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April 2006 - The Logging and Sawmilling Journal

 

EQUIPMENT PROFILE

Direct commitment

Logging contractor Pierre Friolet has a committed team working for him, including a relatively new Direct 307 feller buncher on the equipment side.

By George Fullerton

Logging contractor Pierre Friolet knows that because he operates in one of the most demanding business environments in Canada, he has to have a committed team working with him—and the very best available tools to work with. That is why when he went looking for a new feller buncher, he scrutinized the entire field of manufacturers and considered long and hard before putting his name on the dotted line for a new machine.

Friolet’s quest for a new machine took the Bathurst, New Brunswick-based contractor to a new forestry equipment manufacturer: Direct Technologies in Quebec City. After meeting the design and engineering team and touring the manufacturing facilities, Friolet purchased what turned out to be the fourth Direct 307 model produced to work as a feller buncher.

The Direct 307 harvester (above) has worked out well for logging contractor Pierre Friolet, providing lots of muscle with a 300 horsepower Cummins engine. The machine is equipped with a Quadco 22B felling head.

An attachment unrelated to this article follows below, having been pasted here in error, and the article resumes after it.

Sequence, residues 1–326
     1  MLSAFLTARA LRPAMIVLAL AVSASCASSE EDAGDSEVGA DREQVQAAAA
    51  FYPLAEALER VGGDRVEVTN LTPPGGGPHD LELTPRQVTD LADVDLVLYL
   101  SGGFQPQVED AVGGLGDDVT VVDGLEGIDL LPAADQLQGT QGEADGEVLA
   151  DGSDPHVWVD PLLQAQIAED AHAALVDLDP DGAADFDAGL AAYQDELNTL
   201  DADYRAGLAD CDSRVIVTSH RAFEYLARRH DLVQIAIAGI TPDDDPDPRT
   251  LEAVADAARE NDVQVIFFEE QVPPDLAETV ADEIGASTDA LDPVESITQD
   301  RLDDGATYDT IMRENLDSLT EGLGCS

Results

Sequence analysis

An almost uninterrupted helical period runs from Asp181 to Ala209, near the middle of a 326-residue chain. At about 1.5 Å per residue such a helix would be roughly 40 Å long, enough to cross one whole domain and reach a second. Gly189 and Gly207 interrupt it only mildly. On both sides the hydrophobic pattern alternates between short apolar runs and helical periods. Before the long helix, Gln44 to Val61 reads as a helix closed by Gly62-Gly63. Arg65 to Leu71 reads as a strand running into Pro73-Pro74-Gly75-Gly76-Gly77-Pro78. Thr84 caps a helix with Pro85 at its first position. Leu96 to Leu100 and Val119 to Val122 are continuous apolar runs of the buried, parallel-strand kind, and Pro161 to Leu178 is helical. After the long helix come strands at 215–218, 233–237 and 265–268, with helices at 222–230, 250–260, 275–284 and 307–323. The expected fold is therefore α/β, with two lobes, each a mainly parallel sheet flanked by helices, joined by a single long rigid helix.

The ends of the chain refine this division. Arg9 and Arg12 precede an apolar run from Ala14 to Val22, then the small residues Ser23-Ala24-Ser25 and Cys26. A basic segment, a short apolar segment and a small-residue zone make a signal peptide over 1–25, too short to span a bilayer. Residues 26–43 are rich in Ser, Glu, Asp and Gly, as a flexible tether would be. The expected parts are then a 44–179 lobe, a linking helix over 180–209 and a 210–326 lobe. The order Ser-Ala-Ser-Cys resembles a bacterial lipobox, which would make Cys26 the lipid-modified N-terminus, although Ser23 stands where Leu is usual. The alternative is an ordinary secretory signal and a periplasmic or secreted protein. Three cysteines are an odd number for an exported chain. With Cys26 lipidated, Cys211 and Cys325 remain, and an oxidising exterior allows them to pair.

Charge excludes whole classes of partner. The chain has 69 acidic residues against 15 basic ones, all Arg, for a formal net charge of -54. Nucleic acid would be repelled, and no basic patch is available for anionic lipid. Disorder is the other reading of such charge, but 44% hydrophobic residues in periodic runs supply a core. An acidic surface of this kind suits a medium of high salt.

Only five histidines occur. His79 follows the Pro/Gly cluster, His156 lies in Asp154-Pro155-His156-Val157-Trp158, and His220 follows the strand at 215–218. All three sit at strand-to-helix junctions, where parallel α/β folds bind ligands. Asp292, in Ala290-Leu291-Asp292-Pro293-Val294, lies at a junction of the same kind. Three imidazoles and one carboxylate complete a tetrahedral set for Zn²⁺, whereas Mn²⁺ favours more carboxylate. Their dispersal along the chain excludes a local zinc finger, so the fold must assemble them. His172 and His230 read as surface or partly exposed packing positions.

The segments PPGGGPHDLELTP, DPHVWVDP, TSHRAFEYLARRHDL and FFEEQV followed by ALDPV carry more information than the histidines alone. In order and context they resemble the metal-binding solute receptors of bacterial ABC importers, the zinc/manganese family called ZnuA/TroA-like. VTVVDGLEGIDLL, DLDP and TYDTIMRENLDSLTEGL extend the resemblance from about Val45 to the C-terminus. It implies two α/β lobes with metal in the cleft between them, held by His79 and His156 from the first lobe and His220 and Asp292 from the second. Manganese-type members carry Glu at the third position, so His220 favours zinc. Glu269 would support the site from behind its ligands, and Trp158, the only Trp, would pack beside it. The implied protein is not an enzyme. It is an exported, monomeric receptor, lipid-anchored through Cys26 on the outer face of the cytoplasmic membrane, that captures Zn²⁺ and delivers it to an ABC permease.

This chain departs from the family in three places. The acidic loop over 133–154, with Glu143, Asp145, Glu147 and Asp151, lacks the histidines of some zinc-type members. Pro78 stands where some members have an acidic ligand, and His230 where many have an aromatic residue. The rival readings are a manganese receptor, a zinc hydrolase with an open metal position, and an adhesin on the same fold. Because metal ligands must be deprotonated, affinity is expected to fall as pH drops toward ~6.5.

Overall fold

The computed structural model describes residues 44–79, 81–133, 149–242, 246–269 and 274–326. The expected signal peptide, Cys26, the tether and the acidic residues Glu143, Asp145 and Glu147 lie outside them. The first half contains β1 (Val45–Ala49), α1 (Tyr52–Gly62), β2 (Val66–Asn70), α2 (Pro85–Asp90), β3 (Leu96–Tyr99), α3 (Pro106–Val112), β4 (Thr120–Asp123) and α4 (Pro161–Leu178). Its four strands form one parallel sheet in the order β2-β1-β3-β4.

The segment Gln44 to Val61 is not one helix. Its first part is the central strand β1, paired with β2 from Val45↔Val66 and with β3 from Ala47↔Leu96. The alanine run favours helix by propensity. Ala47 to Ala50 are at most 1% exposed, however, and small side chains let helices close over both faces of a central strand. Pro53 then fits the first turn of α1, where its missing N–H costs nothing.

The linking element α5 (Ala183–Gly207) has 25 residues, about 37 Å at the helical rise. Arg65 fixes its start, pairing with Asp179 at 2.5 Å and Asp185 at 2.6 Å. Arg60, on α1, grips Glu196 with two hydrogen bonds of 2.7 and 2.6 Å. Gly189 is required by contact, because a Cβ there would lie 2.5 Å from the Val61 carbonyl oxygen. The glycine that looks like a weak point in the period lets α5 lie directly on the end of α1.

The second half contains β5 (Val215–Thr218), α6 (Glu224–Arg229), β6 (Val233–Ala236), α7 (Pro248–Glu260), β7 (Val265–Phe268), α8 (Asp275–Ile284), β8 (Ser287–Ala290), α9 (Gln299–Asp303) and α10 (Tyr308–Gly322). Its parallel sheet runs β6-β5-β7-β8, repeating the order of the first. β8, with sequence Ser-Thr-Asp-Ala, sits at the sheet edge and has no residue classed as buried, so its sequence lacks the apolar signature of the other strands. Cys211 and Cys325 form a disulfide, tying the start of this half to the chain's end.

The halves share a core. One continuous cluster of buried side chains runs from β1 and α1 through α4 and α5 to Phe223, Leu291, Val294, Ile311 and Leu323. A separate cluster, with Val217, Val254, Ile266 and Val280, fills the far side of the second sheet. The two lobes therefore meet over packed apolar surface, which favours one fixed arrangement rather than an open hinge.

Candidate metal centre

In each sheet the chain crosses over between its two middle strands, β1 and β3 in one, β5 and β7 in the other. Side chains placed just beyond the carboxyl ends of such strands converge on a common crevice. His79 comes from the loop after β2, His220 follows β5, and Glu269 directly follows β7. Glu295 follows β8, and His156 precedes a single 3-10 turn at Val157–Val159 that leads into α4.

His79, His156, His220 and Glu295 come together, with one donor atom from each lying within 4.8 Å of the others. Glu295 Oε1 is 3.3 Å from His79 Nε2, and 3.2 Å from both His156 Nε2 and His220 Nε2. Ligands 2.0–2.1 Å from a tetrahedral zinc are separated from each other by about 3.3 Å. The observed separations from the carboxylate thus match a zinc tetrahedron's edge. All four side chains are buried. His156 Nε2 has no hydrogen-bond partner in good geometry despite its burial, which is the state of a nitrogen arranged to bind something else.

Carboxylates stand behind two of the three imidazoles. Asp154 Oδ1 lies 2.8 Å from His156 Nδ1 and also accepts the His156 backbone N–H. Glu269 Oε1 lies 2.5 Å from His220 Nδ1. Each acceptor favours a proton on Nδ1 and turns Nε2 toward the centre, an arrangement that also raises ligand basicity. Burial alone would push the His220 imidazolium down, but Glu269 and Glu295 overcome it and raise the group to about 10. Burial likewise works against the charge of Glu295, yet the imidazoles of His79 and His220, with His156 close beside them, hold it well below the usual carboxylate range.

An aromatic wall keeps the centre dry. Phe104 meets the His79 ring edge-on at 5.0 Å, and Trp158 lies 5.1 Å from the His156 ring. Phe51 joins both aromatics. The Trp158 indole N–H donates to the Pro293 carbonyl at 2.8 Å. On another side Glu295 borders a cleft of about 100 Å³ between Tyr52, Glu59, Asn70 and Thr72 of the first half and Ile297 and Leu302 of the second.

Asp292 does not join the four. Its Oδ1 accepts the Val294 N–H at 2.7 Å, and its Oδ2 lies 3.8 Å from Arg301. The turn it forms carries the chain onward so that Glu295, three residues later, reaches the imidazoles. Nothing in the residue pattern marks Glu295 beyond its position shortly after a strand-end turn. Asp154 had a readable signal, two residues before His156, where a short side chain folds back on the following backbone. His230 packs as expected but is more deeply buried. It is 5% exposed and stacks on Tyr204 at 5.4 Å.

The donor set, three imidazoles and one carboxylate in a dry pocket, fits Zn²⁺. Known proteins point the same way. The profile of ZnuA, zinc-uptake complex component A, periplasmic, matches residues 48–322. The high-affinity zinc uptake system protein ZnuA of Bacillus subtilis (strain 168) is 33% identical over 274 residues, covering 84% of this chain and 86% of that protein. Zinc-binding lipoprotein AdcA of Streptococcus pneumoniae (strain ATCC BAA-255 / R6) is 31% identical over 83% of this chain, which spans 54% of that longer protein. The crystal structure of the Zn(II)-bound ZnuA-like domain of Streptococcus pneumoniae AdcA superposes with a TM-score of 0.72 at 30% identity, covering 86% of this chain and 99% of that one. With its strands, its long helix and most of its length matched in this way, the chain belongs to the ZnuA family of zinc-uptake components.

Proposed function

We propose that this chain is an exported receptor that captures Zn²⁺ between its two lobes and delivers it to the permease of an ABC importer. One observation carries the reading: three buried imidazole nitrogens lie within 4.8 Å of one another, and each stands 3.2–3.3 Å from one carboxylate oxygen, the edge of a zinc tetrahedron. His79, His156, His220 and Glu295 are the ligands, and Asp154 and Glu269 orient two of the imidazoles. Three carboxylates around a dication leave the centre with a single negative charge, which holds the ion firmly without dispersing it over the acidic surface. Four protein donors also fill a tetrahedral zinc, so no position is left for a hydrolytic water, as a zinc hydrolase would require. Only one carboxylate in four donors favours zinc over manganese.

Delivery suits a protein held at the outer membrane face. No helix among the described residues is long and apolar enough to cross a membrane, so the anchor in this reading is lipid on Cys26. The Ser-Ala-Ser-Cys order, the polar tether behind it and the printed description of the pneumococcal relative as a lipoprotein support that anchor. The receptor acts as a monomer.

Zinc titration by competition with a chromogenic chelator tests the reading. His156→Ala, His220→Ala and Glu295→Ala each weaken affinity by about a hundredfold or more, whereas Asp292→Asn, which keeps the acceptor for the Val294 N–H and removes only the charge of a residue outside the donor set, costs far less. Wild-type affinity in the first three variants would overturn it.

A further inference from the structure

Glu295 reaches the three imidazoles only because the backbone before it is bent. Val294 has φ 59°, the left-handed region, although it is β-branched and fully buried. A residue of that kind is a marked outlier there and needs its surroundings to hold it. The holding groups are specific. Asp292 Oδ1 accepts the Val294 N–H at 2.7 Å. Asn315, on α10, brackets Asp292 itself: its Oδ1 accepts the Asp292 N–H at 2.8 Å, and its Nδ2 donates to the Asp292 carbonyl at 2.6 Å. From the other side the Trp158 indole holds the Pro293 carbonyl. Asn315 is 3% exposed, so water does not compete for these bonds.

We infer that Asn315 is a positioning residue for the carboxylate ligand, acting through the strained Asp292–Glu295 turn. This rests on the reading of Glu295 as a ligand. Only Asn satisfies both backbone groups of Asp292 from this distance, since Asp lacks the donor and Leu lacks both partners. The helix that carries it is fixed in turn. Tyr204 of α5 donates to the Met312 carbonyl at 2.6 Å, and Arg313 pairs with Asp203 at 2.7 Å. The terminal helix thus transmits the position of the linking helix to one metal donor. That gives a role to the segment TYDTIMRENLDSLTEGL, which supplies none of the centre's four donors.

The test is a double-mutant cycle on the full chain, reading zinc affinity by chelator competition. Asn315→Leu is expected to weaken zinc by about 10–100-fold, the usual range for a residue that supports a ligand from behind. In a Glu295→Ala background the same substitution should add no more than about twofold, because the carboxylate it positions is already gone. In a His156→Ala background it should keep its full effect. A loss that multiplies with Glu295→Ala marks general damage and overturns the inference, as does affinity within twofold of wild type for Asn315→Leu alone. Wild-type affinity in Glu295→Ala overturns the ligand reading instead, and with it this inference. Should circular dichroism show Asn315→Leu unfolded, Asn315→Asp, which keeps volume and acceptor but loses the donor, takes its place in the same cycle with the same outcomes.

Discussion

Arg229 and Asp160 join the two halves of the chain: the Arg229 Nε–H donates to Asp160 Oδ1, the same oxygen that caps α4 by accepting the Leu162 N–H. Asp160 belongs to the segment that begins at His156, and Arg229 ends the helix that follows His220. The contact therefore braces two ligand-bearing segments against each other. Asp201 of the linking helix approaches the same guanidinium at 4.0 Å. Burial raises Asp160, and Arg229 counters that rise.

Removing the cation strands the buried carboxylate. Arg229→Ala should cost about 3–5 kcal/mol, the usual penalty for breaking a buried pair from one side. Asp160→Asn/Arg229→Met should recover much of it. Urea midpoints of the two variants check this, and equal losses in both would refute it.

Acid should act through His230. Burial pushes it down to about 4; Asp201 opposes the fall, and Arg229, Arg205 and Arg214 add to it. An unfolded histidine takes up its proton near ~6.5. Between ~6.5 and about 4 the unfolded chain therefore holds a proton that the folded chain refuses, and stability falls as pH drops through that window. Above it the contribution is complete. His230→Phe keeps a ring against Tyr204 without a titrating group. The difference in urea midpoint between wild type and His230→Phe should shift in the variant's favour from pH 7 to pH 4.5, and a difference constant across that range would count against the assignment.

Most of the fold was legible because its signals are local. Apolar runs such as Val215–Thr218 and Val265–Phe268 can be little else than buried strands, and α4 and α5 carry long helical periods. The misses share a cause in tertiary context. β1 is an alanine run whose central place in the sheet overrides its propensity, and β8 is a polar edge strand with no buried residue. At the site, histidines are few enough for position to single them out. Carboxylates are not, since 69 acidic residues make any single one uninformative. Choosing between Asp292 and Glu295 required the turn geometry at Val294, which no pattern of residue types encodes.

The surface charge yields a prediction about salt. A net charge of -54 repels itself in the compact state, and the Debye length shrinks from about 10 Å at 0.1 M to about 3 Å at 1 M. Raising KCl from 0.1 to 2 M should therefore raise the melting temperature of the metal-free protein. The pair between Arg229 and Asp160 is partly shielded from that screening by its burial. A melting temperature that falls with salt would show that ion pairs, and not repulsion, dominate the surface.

“I saw the ideas they were incorporating in their machines and realized this is a top quality product, with a dedicated team behind it,” says Friolet. “I liked the two-side panel opening up for service access. I’m the mechanic, and I like to have lots of room to get around to service and access to components.

“The structure of this machine is also very strong. I have seen other machines crack. If I saw the boom on the Direct crack, I’d be very surprised.”

Friolet started his contracting career with a Tanguay slasher after finishing studies in heavy equipment repair at the Bathurst campus of the New Brunswick Community College in 1986. He worked with a series of two Case/Denis delimbers and in 1998 he purchased his first harvester, a Prentice 620 with a Rotobec RS 250 head. In 1999 he moved to a Koehring 618 feller buncher. In 1999, he added a Hyundai/Hornet 825 processor. And in 2004 he traded up to the Direct with a Quadco 22B head, and a Daewoo 290LL with a Hornet 825.

Friolet took delivery of the Direct harvester in 2004, through Paul Equipment in Balmoral, NB. The purchase agreement included a commitment from Direct to provide any updates that they add to newer models.

Friolet found that the Direct harvester has pretty much lived up to his expectations. However, he did see some stress on the D6 tracks. “I discussed the track problems with Direct and they came and upgraded it to D7 tracks, and there have been no more problems.”

Direct carried out a few more updates during spring breakup in 2005. Indicating the body panels, Friolet explains that Direct took the panels back to their factory for modifications.